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Make the Recession Work for Your Brand.

By Mark Levit

As the economic cycle spins, marketers look forward to the economic highs and dread inevitable recessions. When the economy goes sour, how do brands stay alive? During an economic slump, advertising budgets tend to be the first item cut. But history strongly suggests advertising budgets should be increased during a recession.

Cutting marketing and sales budgets during recessionary periods changes long-term results. A key reason is that when advertising “noise” decreases, the voice of those still talking sound that much louder. When the competition stops or reduces their advertising efforts, it’s a prime opportunity for your brand’s message to be heard. Since your message is one of the few messages reaching customers, the odds of success are multiplied.

American Business Press, in its book “How Advertising in Recession Periods Affects Sales,” states: “The findings of the six recession studies to date present formidable evidence that cutting advertising appropriations in times of economic downturns can result in both immediate and long-term negative effects on sales and profit levels.”

The Buchen Agency measured the effects of advertising for business-to-business marketers through successive recessions in 1949, 1954, 1958 and 1961. They found that not only sales and profits dropped off for those companies that cut their advertising, but in addition, when the recovery came about, these same companies also lagged behind those who didn’t cut back.

In good times, marketing is important, in bad times, it’s vital. During tough times, customers look for specific qualities in a brand such as value. When customers are in need, satisfy the need. During a recession market dynamics change drastically. The key is knowing what your customers need, not what they want. Here are some simple guidelines for successful recessionary marketing:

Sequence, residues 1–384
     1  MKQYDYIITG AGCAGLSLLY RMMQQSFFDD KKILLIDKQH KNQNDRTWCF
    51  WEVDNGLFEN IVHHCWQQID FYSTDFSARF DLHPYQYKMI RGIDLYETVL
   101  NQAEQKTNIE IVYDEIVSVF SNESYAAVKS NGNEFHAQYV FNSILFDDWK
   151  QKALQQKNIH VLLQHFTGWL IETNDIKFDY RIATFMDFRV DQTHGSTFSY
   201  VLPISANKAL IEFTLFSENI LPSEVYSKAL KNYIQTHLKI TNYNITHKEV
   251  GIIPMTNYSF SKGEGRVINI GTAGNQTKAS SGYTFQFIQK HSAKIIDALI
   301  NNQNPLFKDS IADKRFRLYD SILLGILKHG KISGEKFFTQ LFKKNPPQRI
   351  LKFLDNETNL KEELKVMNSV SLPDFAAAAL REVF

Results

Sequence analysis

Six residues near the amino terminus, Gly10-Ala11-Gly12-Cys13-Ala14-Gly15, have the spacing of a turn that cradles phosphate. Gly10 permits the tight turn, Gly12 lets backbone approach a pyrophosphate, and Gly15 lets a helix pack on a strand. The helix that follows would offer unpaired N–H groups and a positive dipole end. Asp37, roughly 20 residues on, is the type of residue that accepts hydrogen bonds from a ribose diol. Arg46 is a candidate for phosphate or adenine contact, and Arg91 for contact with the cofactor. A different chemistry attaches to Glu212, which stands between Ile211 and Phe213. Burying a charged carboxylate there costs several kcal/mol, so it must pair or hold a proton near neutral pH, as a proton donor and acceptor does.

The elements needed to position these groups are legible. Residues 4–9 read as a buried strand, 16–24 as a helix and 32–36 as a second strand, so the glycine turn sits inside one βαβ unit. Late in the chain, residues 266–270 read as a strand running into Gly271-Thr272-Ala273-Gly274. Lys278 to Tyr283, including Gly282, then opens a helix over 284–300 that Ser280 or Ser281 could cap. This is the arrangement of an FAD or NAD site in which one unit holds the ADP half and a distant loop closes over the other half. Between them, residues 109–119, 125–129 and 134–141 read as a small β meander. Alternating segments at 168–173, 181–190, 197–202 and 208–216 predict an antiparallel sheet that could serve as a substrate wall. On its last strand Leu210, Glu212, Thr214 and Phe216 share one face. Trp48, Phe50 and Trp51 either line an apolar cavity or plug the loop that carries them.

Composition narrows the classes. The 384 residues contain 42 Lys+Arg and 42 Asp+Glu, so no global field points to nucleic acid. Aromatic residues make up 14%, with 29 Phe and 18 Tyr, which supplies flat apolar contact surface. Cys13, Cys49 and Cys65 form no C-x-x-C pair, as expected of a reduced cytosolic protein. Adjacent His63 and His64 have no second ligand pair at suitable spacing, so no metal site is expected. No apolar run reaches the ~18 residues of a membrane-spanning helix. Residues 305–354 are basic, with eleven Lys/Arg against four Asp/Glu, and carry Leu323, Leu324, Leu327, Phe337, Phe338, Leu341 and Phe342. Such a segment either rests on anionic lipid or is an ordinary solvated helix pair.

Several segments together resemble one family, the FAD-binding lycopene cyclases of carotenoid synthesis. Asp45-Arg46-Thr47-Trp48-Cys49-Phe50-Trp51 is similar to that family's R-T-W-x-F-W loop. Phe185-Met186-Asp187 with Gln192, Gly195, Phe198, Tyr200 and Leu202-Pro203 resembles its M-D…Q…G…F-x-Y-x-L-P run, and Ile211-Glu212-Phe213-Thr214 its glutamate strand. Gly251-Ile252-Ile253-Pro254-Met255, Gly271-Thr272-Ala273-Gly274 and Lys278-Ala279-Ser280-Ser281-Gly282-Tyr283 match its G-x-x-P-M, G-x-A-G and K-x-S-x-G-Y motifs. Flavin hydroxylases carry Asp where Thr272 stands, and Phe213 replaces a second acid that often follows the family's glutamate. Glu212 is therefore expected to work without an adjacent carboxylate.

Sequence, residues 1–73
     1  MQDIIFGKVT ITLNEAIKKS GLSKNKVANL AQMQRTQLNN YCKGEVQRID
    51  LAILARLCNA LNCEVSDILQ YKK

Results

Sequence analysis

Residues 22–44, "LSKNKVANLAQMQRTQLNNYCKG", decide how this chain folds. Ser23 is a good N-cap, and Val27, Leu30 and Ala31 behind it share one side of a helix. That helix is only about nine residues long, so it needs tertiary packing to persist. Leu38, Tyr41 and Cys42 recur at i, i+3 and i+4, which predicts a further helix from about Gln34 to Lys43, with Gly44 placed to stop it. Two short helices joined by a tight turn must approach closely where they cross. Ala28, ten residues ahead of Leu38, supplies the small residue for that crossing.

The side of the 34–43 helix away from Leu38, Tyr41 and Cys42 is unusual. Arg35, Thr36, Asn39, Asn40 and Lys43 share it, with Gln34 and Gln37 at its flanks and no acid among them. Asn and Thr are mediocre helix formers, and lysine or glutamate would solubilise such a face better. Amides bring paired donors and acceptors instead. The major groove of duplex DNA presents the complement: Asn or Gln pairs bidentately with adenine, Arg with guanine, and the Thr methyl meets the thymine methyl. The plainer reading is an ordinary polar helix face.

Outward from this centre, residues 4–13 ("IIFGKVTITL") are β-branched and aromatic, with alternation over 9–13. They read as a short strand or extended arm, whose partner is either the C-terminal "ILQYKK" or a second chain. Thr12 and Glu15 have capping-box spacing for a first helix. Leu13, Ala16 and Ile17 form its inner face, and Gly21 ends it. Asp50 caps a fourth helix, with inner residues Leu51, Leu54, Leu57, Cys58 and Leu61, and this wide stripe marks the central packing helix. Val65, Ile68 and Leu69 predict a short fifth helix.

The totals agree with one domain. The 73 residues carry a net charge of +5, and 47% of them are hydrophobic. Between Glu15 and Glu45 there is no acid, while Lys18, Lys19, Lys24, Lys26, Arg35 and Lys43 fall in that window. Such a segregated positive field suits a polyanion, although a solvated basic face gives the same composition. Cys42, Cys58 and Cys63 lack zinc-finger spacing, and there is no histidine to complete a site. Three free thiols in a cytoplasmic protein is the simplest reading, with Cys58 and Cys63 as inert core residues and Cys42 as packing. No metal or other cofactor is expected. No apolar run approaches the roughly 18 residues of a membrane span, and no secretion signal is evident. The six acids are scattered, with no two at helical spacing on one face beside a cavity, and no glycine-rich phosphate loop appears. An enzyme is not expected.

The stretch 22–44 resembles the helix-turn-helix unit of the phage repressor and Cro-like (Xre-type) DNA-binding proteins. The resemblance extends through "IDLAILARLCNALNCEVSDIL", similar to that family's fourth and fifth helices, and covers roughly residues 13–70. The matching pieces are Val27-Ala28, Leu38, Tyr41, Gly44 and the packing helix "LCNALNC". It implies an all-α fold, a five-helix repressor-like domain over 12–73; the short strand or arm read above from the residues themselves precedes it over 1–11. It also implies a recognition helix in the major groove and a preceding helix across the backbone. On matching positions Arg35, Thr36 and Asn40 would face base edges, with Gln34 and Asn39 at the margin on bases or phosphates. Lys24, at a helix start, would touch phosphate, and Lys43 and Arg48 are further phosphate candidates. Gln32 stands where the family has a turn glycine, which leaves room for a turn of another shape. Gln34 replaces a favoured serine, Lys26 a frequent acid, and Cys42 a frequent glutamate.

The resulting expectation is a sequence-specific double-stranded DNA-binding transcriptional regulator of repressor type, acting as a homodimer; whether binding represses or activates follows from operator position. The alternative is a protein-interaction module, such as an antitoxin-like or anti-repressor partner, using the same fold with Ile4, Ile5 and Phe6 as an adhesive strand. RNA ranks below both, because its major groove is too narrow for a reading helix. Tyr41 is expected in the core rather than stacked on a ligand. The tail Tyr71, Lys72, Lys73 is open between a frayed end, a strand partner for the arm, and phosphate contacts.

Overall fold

Focus on Branding

  • It’s safe to assume customers will be price conscious during a recession. Therefore, it’s normal to assume that before making decisions, customers will do more “shopping around” than usual. For this reason, marketers must focus on ways to make their brands stand out from the rest and address the customer’s doubts. Brand messages should focus on practical uses of the product and demonstrate how customers are getting high quality for a low price (value). Establishing a system of feedback for customers will also help to distinguish your product. The key to successful recessionary marketing is emphasizing value. During an economic boom customers are much more likely to pay high prices. When times are bad customers are much more careful with their money. So marketers must focus on different aspects of their products.

Focus on Customers

  • During a recession marketers need to focus on current customers, not just new ones. The assumption that any business is good business is not the case here. The best prospect is a current customer. Acquiring new customers is five times more costly than retaining existing ones. Bad times can be used to focus on existing customers and turning them into loyal customers. That can be accomplished by researching customer needs and the ability of your product (and competitors’ products) to meet these goals.

Marketing Focus

  • During a recessionary period, marketers should focus on the strong points of their brands and align them with their customers’ needs. A comprehensive marketing plan can help to position brands and to capture and maintain loyal customers and profitability. A long and objective look must be taken at your brand’s current marketing activities, focusing on those with greater potential.

Recessions are never desirable, but they are inevitable. Using the right marketing strategy during tough times is the best way for your brand to survive. Importantly, don’t decrease advertising activity. Get to know your customers and think of new ways to create value in your brand—and to distinguish your brand from others.

Learn more about strengthening your brand in a down-turned market. Contact our Managing Partner, Mark Levit at 212.696.1200. 

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